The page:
Hooded plover in Tasmania

Subject: Hooded plover in Tasmania
From: William Harvey <>
Date: Sun, 04 Jan 2015 10:52:55 +1100
I wouldn't call myself a dedicated twitcher but I like to be able to identify the birds around us and enjoy watching their behaviour. My family has a holiday place on the East Coast at Spring Beach. It is not extensive being just under 1 km long but quite wide at some times of the year. In the summer months it is very popular with day-use visitors and other shack owners, swimming and surfing. Many families bring their dogs to enjoy the beach experience. I have been observing a pair of hooded plovers which have nested - if you can call it a nest - on the sand adjacent to an intermittent creek that sometimes breaks across the beach after very heavy rain. They have been there for at least 15 years despite the hazards. Whether they are the same birds is impossible to tell as they are not marked but they use the same location within a few metres each year. Their chosen nesting site is very hazardous also due to big seas reaching across the beach in storms engulfing their nest or the creek flooding, washing away their eggs. They just come back and start again. Despite reports that the species is in decline I am happy to report that during the past two years there are now 4 breeding pairs on the beach and all have produced several clutches per season raising sometimes three chicks from a clutch but more commonly two or even only one. Largely due to the efforts of one keen local, the nesting zones are marked by garden stakes linked with two strands of twine with a laminated message explaining the breeding behaviour and asking visitors to respect the nesting sites and to restrain dogs and small two legged creatures. Given the level of usage on good days, this strategy has worked remarkably well and the public do seem to be assisting by keeping their distance. My family watch in amusement at the behaviour employed the parent birds to lure would be dangerous dogs (and people) away from the nest by incredible feigned injuries, flopping over the sand until the danger has been averted, to return to guard duty on the nest site. The chicks run into the marram grass when danger lurks and will stand rock still behind a single stalk apparently hoping it will conceal them! I observed an unusual event two weeks ago that I have not witnessed before but is perhaps quite common place in bird land. While I was watching one pair with two not fully fledged chicks busily feeding on "sand hoppers" a new bird arrived on the scene, presumably male. He scurried up racing towards the chicks and bowled one over with malicious intent. The parents quickly responded, putting themselves between the interloper and the chicks allowing them to escape. The pair then took an aggressive stance with heads lowered and charged in unison towards the new arrival. It retreated but tried to attack from another angle but the pair showed it the way out in no uncertain terms! They continued to pursue the attacker some distance along the beach until they were satisfied they had done their duty. The new arrival then proceeded to try his luck with one of the other pairs but received the same treatment. Amazing defensive behaviour for a small inoffensive bird like the hooded plover.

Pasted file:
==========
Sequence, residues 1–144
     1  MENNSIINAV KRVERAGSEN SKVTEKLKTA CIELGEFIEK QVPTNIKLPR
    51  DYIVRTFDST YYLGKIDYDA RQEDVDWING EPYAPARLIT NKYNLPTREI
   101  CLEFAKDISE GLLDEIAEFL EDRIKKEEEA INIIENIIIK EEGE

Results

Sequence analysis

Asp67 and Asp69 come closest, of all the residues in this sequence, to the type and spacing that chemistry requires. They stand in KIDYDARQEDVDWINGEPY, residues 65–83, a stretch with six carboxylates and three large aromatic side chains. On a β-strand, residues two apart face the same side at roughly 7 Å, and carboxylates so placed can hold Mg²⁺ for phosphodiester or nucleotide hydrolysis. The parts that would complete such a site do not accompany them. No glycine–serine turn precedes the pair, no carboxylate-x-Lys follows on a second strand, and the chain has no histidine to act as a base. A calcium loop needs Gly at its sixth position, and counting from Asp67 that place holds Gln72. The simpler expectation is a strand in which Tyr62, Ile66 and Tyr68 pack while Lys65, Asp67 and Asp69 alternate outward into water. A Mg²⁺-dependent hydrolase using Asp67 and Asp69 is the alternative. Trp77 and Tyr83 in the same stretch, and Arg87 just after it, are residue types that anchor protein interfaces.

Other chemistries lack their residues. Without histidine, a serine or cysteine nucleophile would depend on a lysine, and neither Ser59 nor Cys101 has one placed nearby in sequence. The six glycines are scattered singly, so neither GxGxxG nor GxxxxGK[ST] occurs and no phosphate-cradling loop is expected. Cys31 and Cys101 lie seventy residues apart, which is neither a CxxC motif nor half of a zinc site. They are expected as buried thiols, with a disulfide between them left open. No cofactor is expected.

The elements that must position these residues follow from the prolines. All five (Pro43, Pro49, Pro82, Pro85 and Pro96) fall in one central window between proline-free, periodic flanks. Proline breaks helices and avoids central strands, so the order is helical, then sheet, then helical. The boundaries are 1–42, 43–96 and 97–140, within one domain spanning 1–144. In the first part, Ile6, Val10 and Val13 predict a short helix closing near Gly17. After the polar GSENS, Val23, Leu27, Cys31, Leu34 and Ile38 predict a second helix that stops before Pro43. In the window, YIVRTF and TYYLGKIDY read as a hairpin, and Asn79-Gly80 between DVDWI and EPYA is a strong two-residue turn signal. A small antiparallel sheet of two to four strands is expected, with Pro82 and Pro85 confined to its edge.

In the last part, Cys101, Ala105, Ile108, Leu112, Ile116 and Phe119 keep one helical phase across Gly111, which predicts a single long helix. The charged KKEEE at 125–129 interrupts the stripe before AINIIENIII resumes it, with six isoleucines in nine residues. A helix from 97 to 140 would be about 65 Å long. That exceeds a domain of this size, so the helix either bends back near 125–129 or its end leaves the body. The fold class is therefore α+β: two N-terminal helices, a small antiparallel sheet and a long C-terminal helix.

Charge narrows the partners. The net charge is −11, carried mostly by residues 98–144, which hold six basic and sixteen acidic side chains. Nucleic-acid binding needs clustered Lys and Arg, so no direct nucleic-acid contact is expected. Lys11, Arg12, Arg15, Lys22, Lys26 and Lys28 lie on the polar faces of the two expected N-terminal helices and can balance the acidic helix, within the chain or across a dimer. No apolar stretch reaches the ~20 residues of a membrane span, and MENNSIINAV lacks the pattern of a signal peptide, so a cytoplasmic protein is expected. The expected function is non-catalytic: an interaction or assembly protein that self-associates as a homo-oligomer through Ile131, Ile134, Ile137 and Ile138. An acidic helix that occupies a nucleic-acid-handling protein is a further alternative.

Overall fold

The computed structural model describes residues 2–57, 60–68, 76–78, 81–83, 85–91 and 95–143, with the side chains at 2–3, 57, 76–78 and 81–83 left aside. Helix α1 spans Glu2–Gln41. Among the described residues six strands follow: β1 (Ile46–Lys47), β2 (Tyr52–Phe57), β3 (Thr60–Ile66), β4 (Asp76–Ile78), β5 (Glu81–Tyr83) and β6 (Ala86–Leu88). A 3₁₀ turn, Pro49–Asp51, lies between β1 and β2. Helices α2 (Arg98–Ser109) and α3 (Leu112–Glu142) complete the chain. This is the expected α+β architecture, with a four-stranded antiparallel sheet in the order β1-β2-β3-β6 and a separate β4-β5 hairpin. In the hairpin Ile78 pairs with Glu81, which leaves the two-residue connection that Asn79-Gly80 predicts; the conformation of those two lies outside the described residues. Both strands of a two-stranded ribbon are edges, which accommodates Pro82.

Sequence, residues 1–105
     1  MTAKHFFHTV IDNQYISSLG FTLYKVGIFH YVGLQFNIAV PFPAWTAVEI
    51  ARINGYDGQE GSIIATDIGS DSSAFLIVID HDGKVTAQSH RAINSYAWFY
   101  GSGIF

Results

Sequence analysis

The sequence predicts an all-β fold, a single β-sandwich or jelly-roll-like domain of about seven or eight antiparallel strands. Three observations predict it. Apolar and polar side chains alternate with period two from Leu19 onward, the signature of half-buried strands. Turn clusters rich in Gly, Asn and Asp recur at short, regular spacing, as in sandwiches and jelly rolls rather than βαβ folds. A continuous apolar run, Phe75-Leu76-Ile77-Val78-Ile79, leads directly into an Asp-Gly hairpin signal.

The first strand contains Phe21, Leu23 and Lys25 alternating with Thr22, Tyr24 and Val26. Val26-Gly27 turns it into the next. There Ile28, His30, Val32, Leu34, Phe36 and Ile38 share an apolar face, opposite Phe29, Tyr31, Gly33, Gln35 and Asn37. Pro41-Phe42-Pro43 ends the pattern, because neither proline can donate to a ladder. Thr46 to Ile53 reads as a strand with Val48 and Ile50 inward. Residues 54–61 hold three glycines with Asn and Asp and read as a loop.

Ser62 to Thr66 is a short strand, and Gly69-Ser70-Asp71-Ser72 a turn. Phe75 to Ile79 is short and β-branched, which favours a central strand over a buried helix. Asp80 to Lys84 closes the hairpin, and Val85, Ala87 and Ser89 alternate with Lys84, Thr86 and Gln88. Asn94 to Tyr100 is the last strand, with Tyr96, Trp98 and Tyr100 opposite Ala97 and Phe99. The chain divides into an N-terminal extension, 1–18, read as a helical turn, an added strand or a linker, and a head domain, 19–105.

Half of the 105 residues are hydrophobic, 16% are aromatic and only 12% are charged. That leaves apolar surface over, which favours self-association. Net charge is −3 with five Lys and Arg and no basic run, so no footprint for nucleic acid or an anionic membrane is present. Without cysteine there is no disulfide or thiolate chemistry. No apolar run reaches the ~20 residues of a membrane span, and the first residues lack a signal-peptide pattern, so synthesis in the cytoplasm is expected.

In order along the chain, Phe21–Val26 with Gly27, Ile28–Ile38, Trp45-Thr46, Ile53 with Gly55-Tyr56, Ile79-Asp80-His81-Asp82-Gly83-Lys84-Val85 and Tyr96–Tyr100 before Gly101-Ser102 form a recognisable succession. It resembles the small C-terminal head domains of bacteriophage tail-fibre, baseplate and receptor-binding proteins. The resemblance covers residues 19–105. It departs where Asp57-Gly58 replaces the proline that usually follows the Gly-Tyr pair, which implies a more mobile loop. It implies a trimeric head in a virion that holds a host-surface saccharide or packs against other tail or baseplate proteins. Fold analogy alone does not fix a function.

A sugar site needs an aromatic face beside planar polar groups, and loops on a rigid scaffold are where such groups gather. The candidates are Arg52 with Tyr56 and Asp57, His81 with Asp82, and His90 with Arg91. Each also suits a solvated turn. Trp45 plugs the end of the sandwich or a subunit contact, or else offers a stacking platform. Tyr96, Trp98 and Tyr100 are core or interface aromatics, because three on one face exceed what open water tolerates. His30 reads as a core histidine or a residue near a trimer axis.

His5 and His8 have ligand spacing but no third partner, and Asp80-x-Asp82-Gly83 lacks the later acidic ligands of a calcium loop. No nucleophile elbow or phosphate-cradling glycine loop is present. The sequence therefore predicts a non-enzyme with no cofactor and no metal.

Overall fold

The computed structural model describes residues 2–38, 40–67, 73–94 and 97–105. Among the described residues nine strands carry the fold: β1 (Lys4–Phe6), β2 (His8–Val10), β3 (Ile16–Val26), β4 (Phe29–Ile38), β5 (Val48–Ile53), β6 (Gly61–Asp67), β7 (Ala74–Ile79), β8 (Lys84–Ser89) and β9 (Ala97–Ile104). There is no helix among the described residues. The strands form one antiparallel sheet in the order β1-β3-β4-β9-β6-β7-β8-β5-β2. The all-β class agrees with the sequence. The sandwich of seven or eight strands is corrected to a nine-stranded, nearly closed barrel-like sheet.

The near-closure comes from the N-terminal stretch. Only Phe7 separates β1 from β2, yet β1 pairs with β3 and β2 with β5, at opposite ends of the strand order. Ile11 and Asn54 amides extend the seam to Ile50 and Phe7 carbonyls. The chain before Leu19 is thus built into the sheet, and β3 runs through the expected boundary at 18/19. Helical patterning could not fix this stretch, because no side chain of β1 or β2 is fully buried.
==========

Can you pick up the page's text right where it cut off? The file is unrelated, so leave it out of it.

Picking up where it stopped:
<BR> Birding-Aus mailing list
<BR> To change settings or unsubscribe visit:

<Prev in Thread] Current Thread [Next in Thread>

The University of NSW School of Computer and Engineering takes no responsibility for the contents of this archive. It is purely a compilation of material sent by many people to the birding-aus mailing list. It has not been checked for accuracy nor its content verified in any way. If you wish to get material removed from the archive or have other queries about the archive e-mail Andrew Taylor at this address: andrewt@cse.unsw.EDU.AU